With more sites to cover, and the increasing complexity of its studies, the group relies on remote consultations with its colleagues more and more. For instance, only a few of the group’s radiologists will read MR spectroscopy studies, and a limited number are interested in reading MR arthrograms and PET studies. Subspecialty reading is beneficial to patient care and allows each radiologist to hone skills in his or her areas of interest. It also gives referring physicians some consistency in the interpretation and allows the most efficient reading of a study. Without WAN on-demand PACS technology to facilitate this work flow, Desert Radiologists would not be able to offer consistently the same level of subspecialty expertise.


The work-load balancing of subspecialty interpretations makes it possible for Desert Radiologists to stay at the cutting edge of new medical technology. The group’s goal is not only to distinguish itself technologically in the marketplace, but also to render the best possible patient care. As a result, Desert Radiologists has installed the first lutetium oxyorthosilicate PET scanner in Nevada (and one of few in the United States).

Desert Radiologists has implemented enterprise, a web-based imaging-results distribution system. With enterprise, referring physicians have secure access to their patients’ imaging-examination results through web-based computer clients. Images and reports are posted automatically to a secure server after studies are interpreted by radiologists. Referring physicians thus receive reports and images wherever and whenever they want them, the only requirement being access to a computer that has an Internet connection.

Desert Radiologists did not plan to pioneer an on-demand PACS over a WAN. The group initially wanted simply to be filmless in ultrasound and to have an accompanying widespread teleradiology network. eMed Technologies was the group’s original teleradiology software and equipment supplier. In undertaking a conventional financial analysis, the practice was able to determine that the film-cost savings associated with PACS were surprisingly large, substantially defraying the cost of the system. Moreover, a PACS would eliminate the increasing costs of archival film storage for the growing practice.

All digital imaging devices are connected by an eMed picture archiving and communications system.

The installation of the on-demand WAN PACS and enterprise web distribution have allowed Desert Radiologists to maintain an extremely high level of functionality as its imaging volume has vastly increased. From 1998 to 2000, MRI examinations increased 42.3%; CT, 39.4%; and ultrasound, 42.7%.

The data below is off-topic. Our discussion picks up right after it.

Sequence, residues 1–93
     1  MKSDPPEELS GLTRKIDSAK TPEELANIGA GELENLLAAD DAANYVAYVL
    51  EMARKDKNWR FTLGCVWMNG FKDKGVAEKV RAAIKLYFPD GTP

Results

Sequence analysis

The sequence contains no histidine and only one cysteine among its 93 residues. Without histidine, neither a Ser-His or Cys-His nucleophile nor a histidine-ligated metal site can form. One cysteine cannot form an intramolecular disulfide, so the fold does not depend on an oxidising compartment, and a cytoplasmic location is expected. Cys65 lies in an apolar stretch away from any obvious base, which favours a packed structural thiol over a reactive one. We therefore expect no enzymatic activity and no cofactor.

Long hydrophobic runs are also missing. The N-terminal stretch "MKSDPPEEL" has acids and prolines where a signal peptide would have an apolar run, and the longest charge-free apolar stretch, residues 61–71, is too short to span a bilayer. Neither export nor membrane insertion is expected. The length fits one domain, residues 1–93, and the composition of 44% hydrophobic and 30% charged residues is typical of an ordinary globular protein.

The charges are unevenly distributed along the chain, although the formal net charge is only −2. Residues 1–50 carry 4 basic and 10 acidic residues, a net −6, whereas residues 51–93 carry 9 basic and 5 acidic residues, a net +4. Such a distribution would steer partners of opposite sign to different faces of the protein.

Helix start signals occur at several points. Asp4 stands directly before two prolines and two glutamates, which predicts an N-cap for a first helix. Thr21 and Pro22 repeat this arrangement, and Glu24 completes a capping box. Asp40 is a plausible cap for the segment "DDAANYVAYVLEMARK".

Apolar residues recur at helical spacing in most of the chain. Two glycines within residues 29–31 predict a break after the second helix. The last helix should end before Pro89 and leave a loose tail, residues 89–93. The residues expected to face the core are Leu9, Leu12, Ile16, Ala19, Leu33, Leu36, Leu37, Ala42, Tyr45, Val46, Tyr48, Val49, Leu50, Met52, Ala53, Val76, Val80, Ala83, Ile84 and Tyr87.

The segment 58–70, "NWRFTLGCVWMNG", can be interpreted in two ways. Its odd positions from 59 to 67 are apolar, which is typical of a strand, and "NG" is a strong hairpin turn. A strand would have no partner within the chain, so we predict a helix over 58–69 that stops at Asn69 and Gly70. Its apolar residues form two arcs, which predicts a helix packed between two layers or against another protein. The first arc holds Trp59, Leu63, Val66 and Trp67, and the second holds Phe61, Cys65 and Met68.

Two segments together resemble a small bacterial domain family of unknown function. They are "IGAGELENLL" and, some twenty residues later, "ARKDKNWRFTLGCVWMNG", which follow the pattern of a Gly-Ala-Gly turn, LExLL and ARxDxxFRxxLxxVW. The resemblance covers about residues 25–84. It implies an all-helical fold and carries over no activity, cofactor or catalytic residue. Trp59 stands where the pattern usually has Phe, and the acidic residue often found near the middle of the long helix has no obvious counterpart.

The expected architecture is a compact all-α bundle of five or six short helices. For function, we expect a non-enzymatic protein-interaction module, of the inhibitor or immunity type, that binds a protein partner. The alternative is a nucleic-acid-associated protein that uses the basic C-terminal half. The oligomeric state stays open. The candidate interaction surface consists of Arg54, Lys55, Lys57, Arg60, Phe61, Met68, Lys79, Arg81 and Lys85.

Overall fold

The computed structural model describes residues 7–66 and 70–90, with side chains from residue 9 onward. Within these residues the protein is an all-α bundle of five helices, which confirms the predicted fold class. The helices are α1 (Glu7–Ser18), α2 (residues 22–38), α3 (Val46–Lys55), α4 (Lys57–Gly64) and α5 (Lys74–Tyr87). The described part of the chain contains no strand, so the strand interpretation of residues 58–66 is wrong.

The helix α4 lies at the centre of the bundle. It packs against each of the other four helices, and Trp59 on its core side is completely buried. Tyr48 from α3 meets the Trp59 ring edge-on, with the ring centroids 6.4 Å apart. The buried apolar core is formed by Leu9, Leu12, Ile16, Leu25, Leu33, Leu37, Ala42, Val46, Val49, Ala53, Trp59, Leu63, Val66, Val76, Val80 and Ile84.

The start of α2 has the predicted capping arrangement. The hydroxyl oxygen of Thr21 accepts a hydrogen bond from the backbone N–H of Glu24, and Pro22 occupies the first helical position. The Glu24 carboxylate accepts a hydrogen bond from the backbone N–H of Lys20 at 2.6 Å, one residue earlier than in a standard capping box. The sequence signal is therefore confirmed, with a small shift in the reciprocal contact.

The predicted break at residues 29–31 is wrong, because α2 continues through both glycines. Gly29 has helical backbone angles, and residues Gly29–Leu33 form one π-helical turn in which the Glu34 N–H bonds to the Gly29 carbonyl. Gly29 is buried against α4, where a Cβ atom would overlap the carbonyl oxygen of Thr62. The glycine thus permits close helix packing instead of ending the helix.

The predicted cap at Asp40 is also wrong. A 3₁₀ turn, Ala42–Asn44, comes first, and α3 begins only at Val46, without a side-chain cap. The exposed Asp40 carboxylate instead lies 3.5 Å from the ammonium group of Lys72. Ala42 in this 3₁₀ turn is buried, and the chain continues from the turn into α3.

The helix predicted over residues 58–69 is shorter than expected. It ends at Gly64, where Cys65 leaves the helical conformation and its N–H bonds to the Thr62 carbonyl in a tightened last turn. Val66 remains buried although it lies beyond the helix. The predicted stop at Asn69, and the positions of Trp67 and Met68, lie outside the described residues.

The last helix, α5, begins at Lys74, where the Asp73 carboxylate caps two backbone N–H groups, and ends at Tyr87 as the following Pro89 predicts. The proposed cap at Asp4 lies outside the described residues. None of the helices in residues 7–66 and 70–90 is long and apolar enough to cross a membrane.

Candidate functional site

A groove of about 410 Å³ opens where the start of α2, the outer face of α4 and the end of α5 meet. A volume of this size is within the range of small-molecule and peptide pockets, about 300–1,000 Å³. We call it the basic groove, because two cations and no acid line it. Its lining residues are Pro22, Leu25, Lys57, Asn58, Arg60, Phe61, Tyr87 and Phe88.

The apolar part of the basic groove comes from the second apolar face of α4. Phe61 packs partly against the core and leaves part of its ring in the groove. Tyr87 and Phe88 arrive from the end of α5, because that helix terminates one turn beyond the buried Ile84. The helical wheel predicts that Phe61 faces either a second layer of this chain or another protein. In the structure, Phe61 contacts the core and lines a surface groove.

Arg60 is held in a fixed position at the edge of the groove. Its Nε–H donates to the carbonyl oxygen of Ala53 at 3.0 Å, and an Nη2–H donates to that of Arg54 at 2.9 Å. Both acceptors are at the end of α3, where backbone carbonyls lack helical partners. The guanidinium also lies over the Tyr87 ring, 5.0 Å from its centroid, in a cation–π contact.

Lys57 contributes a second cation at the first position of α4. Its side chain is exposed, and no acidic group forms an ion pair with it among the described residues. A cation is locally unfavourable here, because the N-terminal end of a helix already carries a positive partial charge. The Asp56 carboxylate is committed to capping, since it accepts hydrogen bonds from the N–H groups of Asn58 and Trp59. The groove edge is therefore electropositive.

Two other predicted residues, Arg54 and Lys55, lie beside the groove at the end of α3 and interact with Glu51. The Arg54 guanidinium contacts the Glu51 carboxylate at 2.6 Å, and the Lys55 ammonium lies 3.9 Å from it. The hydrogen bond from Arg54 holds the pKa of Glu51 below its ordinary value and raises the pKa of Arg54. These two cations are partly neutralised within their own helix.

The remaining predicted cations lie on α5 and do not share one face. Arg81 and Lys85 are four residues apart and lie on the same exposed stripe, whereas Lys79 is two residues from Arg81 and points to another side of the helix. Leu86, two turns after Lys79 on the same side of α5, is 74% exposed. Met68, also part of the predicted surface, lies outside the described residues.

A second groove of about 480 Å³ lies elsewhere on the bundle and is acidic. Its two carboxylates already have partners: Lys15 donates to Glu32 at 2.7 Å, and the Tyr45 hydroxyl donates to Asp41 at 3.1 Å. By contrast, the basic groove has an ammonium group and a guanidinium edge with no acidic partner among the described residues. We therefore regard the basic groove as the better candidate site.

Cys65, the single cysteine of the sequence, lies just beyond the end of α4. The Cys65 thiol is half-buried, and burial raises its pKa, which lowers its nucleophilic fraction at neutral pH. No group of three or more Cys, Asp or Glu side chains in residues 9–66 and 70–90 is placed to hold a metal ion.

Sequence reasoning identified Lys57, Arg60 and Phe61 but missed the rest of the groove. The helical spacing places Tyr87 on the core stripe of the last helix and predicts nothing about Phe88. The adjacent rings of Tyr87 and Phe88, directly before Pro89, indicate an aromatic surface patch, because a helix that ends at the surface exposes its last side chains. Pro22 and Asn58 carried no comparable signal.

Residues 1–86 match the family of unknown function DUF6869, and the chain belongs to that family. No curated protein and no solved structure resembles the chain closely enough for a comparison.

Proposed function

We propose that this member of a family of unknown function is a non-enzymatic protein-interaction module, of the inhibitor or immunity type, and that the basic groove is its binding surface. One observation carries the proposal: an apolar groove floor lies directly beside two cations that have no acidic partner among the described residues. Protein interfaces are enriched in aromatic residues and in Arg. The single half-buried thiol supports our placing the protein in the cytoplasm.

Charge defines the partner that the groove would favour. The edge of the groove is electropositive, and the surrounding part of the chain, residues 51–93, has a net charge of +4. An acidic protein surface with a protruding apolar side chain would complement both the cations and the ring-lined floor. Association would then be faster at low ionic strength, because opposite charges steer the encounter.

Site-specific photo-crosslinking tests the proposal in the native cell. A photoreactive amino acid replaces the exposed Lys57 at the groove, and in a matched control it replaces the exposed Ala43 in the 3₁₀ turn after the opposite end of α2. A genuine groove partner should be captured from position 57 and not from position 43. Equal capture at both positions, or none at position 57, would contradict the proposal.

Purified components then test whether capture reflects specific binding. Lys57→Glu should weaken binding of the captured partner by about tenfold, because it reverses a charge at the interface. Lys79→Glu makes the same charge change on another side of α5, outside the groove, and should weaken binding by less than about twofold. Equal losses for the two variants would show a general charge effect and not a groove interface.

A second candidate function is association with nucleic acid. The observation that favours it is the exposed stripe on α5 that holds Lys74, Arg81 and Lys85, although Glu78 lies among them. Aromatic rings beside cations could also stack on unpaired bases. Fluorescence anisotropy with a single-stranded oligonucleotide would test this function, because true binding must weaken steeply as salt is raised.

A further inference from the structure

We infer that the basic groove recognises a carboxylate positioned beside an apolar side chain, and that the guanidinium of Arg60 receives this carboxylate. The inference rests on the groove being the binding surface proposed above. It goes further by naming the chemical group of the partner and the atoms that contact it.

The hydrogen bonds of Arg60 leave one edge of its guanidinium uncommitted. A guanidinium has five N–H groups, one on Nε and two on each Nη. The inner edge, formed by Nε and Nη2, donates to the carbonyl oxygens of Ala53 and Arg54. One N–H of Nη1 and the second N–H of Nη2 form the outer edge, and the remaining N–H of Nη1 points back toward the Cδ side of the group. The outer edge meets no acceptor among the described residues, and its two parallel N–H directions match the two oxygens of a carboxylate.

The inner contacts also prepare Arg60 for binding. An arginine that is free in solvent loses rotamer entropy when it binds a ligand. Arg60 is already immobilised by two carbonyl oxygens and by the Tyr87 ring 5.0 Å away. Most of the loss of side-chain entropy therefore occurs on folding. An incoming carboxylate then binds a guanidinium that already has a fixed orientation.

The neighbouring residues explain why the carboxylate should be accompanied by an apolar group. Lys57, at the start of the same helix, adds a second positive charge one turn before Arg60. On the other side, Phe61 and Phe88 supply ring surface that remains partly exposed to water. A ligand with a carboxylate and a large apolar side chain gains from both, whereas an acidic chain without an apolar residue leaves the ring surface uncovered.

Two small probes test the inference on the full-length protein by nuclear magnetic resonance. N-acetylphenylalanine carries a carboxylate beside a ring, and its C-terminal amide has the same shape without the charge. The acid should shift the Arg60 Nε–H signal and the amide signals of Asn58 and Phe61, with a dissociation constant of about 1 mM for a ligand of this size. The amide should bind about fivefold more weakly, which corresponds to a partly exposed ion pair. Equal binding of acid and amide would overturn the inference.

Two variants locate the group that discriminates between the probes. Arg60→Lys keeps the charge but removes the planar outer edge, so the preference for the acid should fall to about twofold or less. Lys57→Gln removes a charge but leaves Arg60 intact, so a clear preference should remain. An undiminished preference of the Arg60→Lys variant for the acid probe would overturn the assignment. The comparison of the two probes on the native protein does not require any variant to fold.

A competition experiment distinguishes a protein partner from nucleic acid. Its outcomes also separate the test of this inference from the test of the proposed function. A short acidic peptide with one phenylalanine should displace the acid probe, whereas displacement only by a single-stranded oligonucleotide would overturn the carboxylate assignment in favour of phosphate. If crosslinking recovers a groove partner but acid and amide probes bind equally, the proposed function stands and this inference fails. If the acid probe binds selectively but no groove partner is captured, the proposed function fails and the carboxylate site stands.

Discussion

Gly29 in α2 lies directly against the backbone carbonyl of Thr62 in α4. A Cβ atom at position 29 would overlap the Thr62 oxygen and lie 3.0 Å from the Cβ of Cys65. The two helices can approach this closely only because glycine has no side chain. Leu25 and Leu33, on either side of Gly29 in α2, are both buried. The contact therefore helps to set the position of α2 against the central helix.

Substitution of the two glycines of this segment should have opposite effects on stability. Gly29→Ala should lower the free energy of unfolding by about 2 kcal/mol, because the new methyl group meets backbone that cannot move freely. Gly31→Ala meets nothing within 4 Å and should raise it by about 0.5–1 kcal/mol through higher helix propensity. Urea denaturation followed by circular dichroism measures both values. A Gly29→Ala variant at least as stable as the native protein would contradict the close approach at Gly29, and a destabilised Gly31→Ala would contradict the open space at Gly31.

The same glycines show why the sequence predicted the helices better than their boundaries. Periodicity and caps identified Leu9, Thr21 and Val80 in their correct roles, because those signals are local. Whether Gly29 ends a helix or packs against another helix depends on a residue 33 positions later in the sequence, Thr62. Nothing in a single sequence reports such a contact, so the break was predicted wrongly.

A large WAN PACS implementation cannot happen overnight, for many reasons. There are always budgetary constraints. Implementing in phases helps make PACS a more affordable reality. Organizations should work with vendor companies that can demonstrate a track record of modular, phased implementations. Desert Radiologists was successful in implementing its PACS solution by using an incremental approach, which the vendor was able to facilitate. The practice was able to start with a minimal amount of equipment and upgrade as demand grew. It is also best to purchase only what an organization’s storage needs call for today, and scale the solution as imaging examination volume grows in the future. Network-attached storage is an excellent option. Not only are the images immediately available online, but the server can be easily scaled without downtime or system interruption in the future. Another reason for phased implementation is internal acceptance of the technology. Desert Radiologists was able to grow the system slowly and bring its radiologists up to speed at a comfortable pace. If it had started with a massive implementation across all of its sites, the staff would have been overwhelmed, and learning curves would have been difficult to accommodate.

The practice originally intended to be filmless in just ultrasound.

Naturally, not everyone in the group was sold on the introduction of PACS; now, after 5 years, not all radiologists are equally enthusiastic, but none doubt the importance of the system. There was a learning curve that was painful at times, as each radiologist had to adapt his or her style of reading to new constraints. Continued on-site training can be a very useful tool to help improve initial comfort levels with the technology, and can help drive ongoing acceptance.


The efficiency of outpatient operations has been helped greatly by the transition to soft-copy reading. The benefit of the practice’s investment, however, truly comes from an on-demand implementation across multiple sites. It is self-evident that the PACS and work-load sharing have allowed a more efficient expansion into the group’s new offices, which typically would have taken several years to reach the breakeven point. Desert Radiologists also uses its PACS in the evenings and at night to balance work loads between hospitals and to provide 24-hour virtual coverage from just one site. The practice is currently evaluating the possibility of brokerless RIS-PACS integration, including an integrated dictation system with voice recognition.

Brian Burgoyne, MD, oversees technical innovations within Desert Radiologists, Las Vegas.

Paul D. Bandt, MD, is president of the practice.